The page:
An ingredient widely used in toothpaste and a range of food products can cause cancer, scientists have found.
The additive, titanium dioxide, caused precancerous growths in 40 per cent of rats that were given the chemical in their drinking water, according to researchers in France and Luxembourg. It also sped up the development of these growths, which are not malignant but can develop into more dangerous cancers.
The product, which is referred to as E171, is widely used in sweets, chocolate, biscuits and chewing gum, as well as toothpaste and sunscreen, to whiten products or make them look more opaque.
Previous research by the International Agency for Research on Cancer found inhaling titanium dioxide, which is also used in products such as paint, could cause cancer – but this is the first time such link has been shown when the product is consumed orally.
In the latest study, scientists found E171 was absorbed by the intestine and passed into the blood, where it spread to other parts of the body. Precancerous growths were found in the intestine or colon of 40 per cent of the rats exposed to the chemical, but in none of those that were given uncontaminated water. E171 was also found to weaken the rats’ immune system.
It is unclear whether the product might have a similar effect in people, and the scientists said their findings “cannot be extrapolated to humans”.
Despite this, the French government ordered an immediate inquiry into the safety of E171. This will take place as part of a wider investigation into the impact of nano-materials on health, and results will be published by the end of March.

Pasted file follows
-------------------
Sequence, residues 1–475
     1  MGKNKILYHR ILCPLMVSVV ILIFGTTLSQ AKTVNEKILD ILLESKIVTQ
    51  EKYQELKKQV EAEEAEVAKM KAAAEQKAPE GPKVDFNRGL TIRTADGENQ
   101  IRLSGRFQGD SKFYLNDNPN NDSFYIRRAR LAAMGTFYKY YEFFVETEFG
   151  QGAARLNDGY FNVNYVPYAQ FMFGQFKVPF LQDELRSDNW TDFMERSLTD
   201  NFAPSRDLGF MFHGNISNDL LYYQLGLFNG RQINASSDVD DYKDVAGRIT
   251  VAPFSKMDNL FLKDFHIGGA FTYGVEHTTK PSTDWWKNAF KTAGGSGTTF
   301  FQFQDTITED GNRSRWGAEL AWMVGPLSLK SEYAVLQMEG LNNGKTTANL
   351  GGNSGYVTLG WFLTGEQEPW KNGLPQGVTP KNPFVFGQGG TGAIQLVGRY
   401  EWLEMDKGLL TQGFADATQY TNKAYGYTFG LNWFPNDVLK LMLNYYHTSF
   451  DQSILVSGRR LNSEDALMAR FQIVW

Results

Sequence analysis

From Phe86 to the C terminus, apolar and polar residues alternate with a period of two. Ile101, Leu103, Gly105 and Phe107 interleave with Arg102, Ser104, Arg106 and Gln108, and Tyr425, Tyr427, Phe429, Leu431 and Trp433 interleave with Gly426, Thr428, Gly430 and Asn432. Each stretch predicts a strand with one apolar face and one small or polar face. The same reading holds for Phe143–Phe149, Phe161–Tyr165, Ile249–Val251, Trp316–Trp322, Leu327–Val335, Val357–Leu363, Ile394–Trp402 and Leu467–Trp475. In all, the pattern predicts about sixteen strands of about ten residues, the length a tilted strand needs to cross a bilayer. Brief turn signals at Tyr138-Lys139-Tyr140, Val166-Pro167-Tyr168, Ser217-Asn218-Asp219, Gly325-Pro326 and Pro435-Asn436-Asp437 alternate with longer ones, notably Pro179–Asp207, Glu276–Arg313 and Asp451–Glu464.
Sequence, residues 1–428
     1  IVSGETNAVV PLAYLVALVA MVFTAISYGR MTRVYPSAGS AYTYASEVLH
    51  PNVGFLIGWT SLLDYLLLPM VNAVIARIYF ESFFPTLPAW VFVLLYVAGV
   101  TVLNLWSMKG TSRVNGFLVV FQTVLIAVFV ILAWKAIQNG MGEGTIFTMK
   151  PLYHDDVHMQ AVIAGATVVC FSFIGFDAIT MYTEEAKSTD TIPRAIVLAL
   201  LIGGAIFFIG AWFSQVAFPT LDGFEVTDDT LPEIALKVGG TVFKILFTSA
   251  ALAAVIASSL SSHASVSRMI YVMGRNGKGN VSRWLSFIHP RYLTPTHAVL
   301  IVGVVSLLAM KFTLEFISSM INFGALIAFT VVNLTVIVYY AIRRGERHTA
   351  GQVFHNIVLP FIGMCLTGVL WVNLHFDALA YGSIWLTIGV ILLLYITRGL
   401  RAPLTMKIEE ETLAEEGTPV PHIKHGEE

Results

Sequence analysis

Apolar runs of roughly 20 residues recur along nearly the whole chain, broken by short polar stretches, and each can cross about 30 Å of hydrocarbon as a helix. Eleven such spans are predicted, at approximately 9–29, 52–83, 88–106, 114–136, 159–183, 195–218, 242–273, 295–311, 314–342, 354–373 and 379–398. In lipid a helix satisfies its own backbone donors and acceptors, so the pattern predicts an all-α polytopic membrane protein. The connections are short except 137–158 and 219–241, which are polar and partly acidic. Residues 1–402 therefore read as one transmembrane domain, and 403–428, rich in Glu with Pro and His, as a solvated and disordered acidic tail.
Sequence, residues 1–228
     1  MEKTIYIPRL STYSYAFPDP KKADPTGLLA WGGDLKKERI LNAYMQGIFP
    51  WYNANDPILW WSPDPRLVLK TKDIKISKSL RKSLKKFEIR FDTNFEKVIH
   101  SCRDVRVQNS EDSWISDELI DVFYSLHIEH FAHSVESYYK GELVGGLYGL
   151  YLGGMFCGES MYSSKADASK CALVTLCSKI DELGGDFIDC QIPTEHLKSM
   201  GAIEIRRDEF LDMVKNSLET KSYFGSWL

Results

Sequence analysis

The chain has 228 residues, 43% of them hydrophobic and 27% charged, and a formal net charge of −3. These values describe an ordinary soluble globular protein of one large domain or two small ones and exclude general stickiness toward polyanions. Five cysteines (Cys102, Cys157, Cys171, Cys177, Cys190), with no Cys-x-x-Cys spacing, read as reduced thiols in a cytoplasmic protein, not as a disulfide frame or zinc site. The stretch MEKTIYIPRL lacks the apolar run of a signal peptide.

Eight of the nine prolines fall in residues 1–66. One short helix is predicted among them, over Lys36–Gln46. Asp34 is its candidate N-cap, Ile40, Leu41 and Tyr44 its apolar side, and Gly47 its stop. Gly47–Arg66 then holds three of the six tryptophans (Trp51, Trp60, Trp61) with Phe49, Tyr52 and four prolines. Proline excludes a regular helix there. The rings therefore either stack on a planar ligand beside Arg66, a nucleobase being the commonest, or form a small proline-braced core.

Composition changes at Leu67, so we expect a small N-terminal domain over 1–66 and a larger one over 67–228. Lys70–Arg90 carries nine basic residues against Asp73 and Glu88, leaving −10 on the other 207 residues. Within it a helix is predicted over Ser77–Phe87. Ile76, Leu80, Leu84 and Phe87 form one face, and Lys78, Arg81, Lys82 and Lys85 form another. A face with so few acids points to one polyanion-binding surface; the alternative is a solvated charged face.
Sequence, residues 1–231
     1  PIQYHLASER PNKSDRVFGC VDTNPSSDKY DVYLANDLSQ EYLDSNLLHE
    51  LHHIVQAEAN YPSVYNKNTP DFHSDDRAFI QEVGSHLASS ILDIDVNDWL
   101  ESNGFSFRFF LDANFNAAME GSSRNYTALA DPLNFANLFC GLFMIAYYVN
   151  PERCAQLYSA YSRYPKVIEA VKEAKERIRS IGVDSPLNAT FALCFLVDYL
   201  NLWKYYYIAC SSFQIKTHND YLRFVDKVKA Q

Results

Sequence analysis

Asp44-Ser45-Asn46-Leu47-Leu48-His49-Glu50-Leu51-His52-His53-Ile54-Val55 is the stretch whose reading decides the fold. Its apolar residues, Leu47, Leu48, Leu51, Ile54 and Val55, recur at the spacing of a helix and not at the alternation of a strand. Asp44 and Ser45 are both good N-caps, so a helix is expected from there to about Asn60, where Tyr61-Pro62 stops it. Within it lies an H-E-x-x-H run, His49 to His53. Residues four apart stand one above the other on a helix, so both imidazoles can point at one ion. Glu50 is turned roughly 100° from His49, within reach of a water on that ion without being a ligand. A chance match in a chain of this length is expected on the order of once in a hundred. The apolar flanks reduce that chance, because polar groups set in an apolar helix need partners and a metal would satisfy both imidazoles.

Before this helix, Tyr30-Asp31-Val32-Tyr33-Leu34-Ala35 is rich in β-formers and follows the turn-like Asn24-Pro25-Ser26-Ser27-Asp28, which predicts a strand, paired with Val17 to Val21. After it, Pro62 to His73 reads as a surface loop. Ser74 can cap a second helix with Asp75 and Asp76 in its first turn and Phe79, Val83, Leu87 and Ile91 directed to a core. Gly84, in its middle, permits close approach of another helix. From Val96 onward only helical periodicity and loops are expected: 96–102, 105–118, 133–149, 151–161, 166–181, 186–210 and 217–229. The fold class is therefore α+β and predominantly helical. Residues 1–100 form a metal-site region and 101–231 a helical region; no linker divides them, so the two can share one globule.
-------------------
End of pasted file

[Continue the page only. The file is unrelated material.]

In a joint statement, the French ministries for the economy, health and agriculture said: “A study carried out by the National Institute for Agricultural Research (INRA) and published today shows that oral exposure to titanium dioxide (E171), the additive used particularly in the agri-food industry, is likely to result in effects on health. However, at this stage, the results of the study do not make it possible to extrapolate to humans.
“In light of the findings of this study, the Ministries of Economy, Health and Agriculture decided to jointly refer the National Agency for Food, Environmental and Occupational Health Safety (Anses) to determine whether the food additive E171 presents a potential hazard to consumers."
The Independent has contacted the UK Department of Health for comment.
The study into the impact of titanium dioxide in rats was led by France’s National Institute for Agricultural Research (INRA) and published in the Scientific Reports journal.
The team gave rats E171 through their drinking water for 100 days. The quantities used were proportionally similar to those humans are exposed to through foods and cosmetic products
Publishing their findings, the researchers said: “These results indicate that E171 both initiates and promotes the early stages of colorectal carcinogenesis in animals.
“These studies show for the first time that the additive E171 is a source of titanium dioxide nanoparticles in the intestine and the entire body, with consequences for both immune function and the development of preneoplastic lesions in the colon.
“Oral exposure to E171 is a concern, especially in children who tend to eat a lot of sweets."
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